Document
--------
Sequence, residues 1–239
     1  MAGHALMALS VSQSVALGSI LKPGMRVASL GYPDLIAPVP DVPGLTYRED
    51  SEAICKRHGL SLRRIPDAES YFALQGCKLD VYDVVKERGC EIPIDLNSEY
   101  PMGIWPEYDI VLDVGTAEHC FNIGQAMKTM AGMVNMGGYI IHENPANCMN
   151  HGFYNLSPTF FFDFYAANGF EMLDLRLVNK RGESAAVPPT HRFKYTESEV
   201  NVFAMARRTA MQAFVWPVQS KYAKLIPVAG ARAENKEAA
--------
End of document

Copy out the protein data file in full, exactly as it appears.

Sequence, residues 1–239
     1  MAGHALMALS VSQSVALGSI LKPGMRVASL GYPDLIAPVP DVPGLTYRED
    51  SEAICKRHGL SLRRIPDAES YFALQGCKLD VYDVVKERGC EIPIDLNSEY
   101  PMGIWPEYDI VLDVGTAEHC FNIGQAMKTM AGMVNMGGYI IHENPANCMN
   151  HGFYNLSPTF FFDFYAANGF EMLDLRLVNK RGESAAVPPT HRFKYTESEV
   201  NVFAMARRTA MQAFVWPVQS KYAKLIPVAG ARAENKEAA